Glam­our, glitz and some very grumpy A-lis­ters – it must be awards sea­son…

The Irish Mail on Sunday - TV Week - - FOOD & DRINK -

I’ve never quite un­der­stood the point of awards cer­e­monies. Or, at least, the point of tele­vis­ing them. Okay, maybe it’s be­cause I’m not all that in­ter­ested in see­ing whether Halle Berry or Anne Hath­away will be wear­ing Ver­sace or Donna Karan. Granted, there are worse ways to spend a night in front of the tele­vi­sion than watch­ing Hol­ly­wood sirens shim­my­ing down the red car­pet. It’s once they’re in­side the build­ing that the tor­ture be­gins – the frozen smiles, the fake laughs, and, worst of all, those really aw­ful scripted ex­changes be­tween the pre­sen­ters of the awards, the kind which make you want to crawl into the bit of your arm­chair where the crumbs and 20-cent pieces live.

Watch­ing the Golden Globes this week, I couldn’t help won­der­ing why they per­sist with such cringy hu­mour. If you’re go­ing to cel­e­brate the best that Hol­ly­wood’s TV and movie in­dus­try has to of­fer, the least you could do is get a de­cent scriptwriter to pen the jokes. Af­ter all, you’ve got a room full of pro­fes­sional ac­tors to de­liver them.

The best bit of the cer­e­mony was when Jen­nifer Lopez ar­rived on stage with Ja­son Statham. The lat­ter – who got his big break in Guy Ritchie’s crime ca­per Lock, Stock And Two Smok­ing Bar­rels – has man­aged to forge a de­cent ca­reer mak­ing ac­tion movies. But it looked as if J.Lo thought she was an­nounc­ing her award with the Bev­erly Hil­ton’s toi­let at­ten­dant, such was the sour look on her face. Poor old Ja­son al­most ripped open the golden en­ve­lope with his teeth for fear of get­ting frost­bite from his pout­ing co-pre­sen­ter. Still, you can’t deny, de­spite J.Lo’s claims she’s still ‘Jenny from the Block’, that La Lopez has the diva thing down to a fine art.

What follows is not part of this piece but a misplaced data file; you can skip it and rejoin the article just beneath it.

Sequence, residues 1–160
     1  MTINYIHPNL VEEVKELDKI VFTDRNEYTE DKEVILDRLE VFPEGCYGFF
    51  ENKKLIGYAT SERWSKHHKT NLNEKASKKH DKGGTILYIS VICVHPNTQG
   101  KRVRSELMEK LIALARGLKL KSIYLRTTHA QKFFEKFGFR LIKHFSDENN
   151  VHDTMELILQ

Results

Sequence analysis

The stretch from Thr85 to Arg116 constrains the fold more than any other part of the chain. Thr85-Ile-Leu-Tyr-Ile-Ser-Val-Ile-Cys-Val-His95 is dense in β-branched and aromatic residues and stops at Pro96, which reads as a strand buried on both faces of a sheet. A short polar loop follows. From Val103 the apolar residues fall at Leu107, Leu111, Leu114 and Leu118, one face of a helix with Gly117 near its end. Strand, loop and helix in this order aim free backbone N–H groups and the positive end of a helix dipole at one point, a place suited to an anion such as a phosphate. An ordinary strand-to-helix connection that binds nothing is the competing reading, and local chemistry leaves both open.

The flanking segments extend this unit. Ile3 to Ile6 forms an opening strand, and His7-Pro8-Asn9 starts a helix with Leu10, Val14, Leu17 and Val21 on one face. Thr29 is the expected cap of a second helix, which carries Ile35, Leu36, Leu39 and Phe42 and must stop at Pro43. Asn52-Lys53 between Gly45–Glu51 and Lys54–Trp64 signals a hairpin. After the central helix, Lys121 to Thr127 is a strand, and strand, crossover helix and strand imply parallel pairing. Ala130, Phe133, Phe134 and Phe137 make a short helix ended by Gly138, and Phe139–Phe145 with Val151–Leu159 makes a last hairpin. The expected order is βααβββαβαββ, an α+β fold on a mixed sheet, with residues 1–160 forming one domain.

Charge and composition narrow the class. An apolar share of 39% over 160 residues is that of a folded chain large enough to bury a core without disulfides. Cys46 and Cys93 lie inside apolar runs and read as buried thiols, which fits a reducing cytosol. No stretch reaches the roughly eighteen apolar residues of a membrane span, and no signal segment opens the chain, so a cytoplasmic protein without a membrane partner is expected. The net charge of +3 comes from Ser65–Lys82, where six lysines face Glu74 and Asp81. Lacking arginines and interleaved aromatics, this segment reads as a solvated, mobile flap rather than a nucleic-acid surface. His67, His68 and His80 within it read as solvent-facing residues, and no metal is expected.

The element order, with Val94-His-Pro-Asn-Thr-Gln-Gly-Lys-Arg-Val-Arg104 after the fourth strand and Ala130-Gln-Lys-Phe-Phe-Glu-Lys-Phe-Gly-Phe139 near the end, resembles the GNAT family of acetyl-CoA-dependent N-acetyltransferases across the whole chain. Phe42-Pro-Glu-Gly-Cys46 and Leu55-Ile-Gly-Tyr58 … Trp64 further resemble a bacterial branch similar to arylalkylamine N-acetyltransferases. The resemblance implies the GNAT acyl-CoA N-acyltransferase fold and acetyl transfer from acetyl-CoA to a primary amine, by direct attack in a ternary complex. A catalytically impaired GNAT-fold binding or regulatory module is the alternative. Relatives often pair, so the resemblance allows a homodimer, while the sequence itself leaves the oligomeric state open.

The ar­rival of Bill Clin­ton on stage was enough to send the luvvies into parox­ysms. While Barack Obama’s movie-star looks and hip at­ti­tude have wowed the denizens of lib­eral Hol­ly­wood, there is still a place in their hearts for the 66-year-old Clin­ton, who was on-hand to present Lin­coln in the Best Drama cat­e­gory. As John Wil­liams’s surg­ing score and im­ages of Daniel DayLewis as hon­est Abe filled the room, you could feel the fer­vour. Just as well no­body told them Lin­coln was a Repub­li­can… It’s one of the most suc­cess­ful shows on Amer­i­can tele­vi­sion, and likely to re­main so given the canny se­lec­tion of judges for this twelfth se­ries. Though last sea­son’s judges Jen­nifer Lopez and Steven Tyler have left, the pro­duc­ers have lined up two starry re­place­ments in diva supremo Mariah Carey and rap­per Nicki Mi­naj. And al­ready the two new­com­ers are caus­ing trou­ble (or much-needed pre-pub­lic­ity, de­pend­ing on your point of view) with no less a fig­ure than US Pres­i­dent Barack Obama weigh­ing into a row that went ‘ too far’ be­tween Carey and Mi­naj at an au­di­tion ear­lier this year. Along­side Mariah and Nicki on the panel are coun­try crooner – and Mr Ni­cole Kid­man – Keith Ur­ban and long-serv­ing Idol judge and mu­sic pro­ducer Randy Jack­son (all pic­tured with host Ryan Seacrest, cen­tre). Given Carey’s past histri­on­ics, this could be worth a watch.

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